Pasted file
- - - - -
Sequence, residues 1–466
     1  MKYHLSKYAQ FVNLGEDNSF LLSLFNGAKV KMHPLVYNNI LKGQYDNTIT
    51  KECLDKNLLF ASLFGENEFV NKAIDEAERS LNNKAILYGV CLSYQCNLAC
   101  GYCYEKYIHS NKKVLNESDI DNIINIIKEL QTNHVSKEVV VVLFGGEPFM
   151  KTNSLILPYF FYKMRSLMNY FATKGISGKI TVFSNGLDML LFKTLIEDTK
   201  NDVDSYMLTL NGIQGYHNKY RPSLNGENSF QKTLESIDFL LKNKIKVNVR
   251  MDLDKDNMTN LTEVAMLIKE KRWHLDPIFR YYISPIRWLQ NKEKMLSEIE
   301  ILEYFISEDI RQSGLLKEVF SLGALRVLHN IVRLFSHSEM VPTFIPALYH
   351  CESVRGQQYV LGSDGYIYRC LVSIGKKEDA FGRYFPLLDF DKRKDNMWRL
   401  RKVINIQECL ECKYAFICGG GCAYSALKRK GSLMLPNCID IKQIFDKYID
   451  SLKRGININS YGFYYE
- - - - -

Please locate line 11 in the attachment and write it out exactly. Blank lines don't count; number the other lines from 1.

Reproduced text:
   451  SLKRGININS YGFYYE